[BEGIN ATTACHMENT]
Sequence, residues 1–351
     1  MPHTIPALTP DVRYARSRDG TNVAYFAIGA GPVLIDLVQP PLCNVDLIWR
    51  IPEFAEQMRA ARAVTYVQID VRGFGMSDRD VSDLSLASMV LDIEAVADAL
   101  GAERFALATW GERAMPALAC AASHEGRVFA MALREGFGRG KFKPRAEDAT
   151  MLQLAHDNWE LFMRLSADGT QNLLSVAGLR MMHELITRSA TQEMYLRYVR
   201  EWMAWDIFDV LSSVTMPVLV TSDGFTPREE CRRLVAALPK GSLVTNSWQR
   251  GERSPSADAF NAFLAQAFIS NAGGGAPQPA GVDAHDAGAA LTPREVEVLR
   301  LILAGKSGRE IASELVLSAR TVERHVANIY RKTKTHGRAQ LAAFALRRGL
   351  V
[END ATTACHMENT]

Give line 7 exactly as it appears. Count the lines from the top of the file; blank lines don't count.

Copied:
   251  GERSPSADAF NAFLAQAFIS NAGGGAPQPA GVDAHDAGAA LTPREVEVLR